First, be sure you are not part of the problem. Often, a manager will see only one side of an employee. We see their function as a part of the company, and little else. We forget that people have many roles in life, and their role at work is only one of them. Individuals who are flexible and accommodating when they are single, may find themselves able to be much less flexible when the demands of a family and children present themselves. When a manager asks someone to do something out of the ordinary, which in years past they were able to do, and they no longer are willing to help out, the manager should ask him/herself what has changed in that person's life that no longer allows them to be as accommodating as before. A little understanding of the situation can go a long way toward solving the differences before conflict becomes too heated. Ask what has changed in that person's life and the answer may surprise you. It certainly will prevent some unnecessary clashes.

Next, don't talk down to others. It is easy to blame someone when things don't go as planned. For example, one person, talking down to another, indicates that the other has not been paying sufficient attention to the project. In response, the second person, also patronizing, says that the first person doesn't know enough about the situation to make that kind of judgment. The result is two people angry at each other, and a setting for deteriorating relationships. How can one prevent this? Stay in control of your emotions. Don't talk back to someone in the same mode — talking down. Shift the base of thought. Change the atmosphere and save the situation and the relationship.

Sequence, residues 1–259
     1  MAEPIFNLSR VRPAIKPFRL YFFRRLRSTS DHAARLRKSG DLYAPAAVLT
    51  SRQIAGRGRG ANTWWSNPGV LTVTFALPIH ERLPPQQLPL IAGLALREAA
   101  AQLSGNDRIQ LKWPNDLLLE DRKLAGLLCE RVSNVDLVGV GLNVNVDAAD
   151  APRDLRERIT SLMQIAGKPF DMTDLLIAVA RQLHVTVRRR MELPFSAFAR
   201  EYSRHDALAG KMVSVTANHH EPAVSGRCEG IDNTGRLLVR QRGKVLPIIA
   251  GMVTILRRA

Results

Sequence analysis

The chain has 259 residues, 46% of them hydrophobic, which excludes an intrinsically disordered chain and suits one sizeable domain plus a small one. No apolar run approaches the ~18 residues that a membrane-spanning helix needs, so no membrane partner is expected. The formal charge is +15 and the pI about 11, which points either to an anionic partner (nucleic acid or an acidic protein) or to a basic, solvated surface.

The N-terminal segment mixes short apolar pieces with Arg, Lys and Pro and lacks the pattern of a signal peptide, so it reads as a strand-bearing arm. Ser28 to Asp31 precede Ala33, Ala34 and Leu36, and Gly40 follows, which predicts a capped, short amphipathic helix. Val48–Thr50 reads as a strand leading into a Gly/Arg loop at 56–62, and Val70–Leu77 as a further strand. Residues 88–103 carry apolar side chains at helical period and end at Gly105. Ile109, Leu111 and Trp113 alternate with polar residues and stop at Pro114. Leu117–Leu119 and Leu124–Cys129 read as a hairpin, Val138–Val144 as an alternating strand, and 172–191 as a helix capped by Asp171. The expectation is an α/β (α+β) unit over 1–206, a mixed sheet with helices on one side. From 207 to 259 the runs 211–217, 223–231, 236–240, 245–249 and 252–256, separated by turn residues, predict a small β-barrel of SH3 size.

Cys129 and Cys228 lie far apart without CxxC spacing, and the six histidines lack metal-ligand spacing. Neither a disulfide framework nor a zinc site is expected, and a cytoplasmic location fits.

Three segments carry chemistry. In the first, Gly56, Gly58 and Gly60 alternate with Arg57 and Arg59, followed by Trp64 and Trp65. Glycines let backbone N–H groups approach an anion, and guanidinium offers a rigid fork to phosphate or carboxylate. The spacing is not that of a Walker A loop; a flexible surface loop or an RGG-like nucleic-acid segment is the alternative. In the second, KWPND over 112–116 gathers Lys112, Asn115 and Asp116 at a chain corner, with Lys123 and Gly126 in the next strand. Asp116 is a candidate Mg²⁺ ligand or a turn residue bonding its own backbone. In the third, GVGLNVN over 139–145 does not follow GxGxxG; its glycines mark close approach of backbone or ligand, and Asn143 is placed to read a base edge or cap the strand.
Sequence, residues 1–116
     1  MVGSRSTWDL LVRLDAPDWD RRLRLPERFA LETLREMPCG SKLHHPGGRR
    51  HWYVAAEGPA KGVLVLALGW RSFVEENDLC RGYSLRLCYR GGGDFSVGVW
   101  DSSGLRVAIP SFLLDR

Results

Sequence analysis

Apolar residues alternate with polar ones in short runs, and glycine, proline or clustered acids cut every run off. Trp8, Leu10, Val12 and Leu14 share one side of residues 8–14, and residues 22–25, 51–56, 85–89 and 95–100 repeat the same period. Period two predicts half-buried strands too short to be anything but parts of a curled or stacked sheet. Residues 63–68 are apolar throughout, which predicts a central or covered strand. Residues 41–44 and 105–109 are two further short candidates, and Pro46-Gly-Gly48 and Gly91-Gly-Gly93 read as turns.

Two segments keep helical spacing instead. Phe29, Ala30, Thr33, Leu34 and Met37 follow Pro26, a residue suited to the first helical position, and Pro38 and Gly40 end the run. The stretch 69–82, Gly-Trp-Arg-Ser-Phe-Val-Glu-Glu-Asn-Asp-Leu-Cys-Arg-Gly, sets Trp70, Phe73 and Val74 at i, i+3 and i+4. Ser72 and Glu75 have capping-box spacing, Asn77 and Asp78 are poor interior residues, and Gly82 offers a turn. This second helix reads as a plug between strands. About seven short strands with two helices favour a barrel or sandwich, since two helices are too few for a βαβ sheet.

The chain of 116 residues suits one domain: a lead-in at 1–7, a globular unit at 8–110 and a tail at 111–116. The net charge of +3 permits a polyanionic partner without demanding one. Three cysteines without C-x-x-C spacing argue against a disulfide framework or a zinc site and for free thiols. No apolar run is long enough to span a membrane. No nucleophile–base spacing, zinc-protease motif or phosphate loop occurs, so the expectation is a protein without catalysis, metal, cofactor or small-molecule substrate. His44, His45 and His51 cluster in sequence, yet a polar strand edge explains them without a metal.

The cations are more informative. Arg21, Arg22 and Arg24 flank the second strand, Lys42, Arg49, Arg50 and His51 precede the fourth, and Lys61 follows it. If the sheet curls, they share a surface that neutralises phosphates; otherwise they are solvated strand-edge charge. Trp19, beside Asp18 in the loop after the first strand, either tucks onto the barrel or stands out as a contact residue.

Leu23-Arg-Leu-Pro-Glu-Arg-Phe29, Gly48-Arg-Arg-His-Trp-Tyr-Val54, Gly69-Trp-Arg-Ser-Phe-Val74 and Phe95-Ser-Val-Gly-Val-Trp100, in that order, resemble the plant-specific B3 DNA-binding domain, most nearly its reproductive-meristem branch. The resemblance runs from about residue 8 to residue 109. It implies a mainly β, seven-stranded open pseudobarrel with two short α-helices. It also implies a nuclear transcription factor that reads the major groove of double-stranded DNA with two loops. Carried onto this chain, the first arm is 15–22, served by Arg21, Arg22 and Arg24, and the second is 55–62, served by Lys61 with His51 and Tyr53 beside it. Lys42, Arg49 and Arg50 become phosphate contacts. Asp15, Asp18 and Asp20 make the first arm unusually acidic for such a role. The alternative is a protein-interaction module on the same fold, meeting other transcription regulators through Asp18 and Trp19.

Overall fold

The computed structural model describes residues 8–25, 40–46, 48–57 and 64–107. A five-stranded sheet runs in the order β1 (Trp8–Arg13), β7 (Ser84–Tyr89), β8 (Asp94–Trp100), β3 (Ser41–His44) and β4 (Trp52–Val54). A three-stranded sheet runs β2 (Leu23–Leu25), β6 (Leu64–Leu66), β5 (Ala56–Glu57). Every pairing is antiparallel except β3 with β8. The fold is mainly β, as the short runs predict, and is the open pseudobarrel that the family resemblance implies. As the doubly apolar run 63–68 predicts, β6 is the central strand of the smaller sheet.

Make sure both people have the same information, and share a common perception about the situation. It is easy to have poor communication, and the resulting poor relationships, when two people come from totally different points of view and do not take the other's perspective into account. A first step to resolving conflict is to agree on the facts.

All of the items above are aimed primarily at minimizing distrust and building trust. They may sound basic, but the world is built on basics, and we have to get them right. As trust in one's superiors grows, morale can improve. But there is not always a direct correlation between the two. The other side of this coin is motivation. Those who do much of the fundamental day to day work inside a company need some direction and vision to function effectively. They need to know where the company is going and how it will get there to have the intrinsic motivation to excel in their jobs. How does one develop this motivation?